A Bunch of Superheroes Ran the Last 17 Miles of the Marathon Route
More than 250 runners participated in the CharityTeams Superhero 17 on Saturday.
It’s far from unordinary to see runners flooding Boston streets on Saturday mornings in March preparing for the marathon, but seeing Superman and Wonder Woman jog by is a different story. That’s exactly what happened over the weekend, thanks to the CharityTeams Superhero 17 run, where more than 250 participants ran the last 17-mile stretch of the Boston Marathon route (from Natick to Copley Square) dressed as their favorite superhero.
CharityTeams is a non-profit organization that works with teams running the marathon in support of particular charities to build up the team and form camaraderie that aids in the process of preparing for the race. “When you bring the charity under the CharityTeams umbrella, it makes it so they have a lot more friends, networking, and people to run with every week,” says Susan Hurley, founder of CharityTeams.
For the past few years, CharityTeams has chosen to take some of the bite out of the longer runs at the climax of marathon training. “It’s really a diversion for the runners to make it fun and so they’re not fearful,” says Hurley of the choice to dress up for the long runs. Many of the runners involved with the fundraising teams are beginners, simply supporting a cause, so the longer runs at the climax of marathon training can seem daunting. This event will be followed by the Hop-21 on Saturday, March 29, where runners don Easter outfits (get ready for sprinting bunnies and chicks) for the 21-mile run.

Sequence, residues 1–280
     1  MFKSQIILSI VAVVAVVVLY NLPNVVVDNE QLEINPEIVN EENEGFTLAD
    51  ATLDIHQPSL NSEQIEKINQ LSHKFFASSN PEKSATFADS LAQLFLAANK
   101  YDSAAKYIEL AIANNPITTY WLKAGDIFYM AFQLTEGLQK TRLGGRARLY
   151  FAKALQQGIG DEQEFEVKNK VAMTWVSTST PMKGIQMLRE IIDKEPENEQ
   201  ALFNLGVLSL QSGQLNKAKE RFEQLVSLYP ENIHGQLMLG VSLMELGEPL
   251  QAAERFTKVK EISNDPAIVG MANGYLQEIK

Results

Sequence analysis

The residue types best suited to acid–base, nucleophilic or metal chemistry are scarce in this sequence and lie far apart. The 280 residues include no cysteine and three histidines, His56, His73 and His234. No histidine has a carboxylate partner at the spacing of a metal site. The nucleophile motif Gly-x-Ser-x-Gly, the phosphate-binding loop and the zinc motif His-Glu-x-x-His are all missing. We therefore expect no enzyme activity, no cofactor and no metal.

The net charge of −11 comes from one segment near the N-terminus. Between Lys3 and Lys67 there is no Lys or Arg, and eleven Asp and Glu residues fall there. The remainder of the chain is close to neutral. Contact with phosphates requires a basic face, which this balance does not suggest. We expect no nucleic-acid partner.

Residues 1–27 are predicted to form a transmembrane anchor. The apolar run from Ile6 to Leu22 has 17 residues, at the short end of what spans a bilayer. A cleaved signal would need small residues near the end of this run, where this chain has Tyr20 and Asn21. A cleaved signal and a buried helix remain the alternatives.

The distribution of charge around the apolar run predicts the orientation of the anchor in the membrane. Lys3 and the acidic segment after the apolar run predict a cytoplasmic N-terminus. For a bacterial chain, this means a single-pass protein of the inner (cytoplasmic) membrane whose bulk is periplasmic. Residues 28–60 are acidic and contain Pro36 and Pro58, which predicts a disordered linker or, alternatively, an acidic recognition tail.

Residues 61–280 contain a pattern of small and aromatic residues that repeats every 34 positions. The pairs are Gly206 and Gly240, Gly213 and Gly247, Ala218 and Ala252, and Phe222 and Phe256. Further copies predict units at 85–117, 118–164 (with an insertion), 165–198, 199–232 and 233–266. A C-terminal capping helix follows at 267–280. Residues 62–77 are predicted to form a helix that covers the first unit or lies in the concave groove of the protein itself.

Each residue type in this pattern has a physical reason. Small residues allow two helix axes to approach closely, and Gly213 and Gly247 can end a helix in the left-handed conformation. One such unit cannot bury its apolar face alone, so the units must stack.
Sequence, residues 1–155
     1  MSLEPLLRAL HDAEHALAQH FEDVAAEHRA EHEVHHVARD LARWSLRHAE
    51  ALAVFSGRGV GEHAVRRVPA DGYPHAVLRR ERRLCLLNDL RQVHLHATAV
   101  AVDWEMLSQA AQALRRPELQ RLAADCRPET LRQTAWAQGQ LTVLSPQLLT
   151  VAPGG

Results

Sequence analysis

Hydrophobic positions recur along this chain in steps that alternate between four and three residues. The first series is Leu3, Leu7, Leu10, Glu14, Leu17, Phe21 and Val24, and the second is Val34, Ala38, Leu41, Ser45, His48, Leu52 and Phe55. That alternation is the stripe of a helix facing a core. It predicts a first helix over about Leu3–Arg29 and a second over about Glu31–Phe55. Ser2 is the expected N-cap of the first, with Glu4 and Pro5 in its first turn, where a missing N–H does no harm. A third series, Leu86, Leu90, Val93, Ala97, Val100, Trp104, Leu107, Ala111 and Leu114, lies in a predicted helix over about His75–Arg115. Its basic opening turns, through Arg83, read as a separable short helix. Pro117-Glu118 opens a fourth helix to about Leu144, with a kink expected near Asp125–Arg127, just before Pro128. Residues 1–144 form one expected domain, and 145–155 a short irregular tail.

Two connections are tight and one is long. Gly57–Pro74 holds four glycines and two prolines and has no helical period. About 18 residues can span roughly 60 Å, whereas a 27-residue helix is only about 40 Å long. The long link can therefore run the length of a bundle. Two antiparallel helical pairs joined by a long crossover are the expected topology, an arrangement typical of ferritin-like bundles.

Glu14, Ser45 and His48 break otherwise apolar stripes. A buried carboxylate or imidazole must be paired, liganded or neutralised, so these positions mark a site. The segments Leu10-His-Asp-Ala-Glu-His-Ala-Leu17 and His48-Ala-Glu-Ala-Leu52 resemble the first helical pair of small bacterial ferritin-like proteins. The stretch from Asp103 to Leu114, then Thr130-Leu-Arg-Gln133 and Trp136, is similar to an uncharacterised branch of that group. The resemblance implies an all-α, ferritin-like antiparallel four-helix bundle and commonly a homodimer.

Besides the spectacle of a pack of superheroes running through the city, “Charity runners kind of are superheroes in their own way,” Hurley says. “They’re balancing jobs and lives, and raising a lot of money for local charities, and then they’re out there training in what I call the ‘Frozen Tundra.’” As all the money raised through the John Hancock Non Profit Partners program and the Boston Athletic Association program goes back into the community, saving lives, the choice of superheroes was an easy one for Hurley.
In case you missed the festivities this weekend, check out the photos below:
For Diane Wilson, who’s already done a 16-mile run, one extra mile shouldn’t be a problem, but she can’t shake the fact that 17 feels like a big hurdle in the training. “As silly as it is to be wearing a Wonder Woman costume down the marathon route, it’s a great way to distract us from the 17 miles, and I’m thankful for that,” says Wilson. “I’m thankful for the chance to be silly, and get 17 miles in in a silly way.”
Some runners set out on the course in coordinating outfits, like these two dressed as The Joker and Ivy from the Batman comic.
There are many runners entering the marathon this year to fundraise for individual charities, and the long runs serve as a way to get to know other runners. “Running is not necessarily an individual sport,” Hurley explains, “it can be a team sport, and with these charity programs it really is a team sport.”
This runner makes it easy to root for the Underdog.
Runners participating on behalf of charities shoulder an additional burden to running the race; they have to balance their lives with running, training, and fundraising. CharityTeams works to lighten that burden as much as possible. “You need that kind of support,” Hurley says. “You need support from friends and family and the charities themselves, and each other.
This incredible pair jogged alongside the others.
“The best part about it is the smiles from the kids in the cars when you’re running by,” Hurley says, “it’s really gratifying.”
Yep, that’s Batman.
Wilson highlighted the long runs on Tuesdays and Saturdays as the primary time for teams to bond as a group and build team spirit.
Superman was the favorite costume of the day, with many runners dressed as the classic hero.
Many of the women running also got their Superman on.
These runners continue on the final leg of their 17-miler.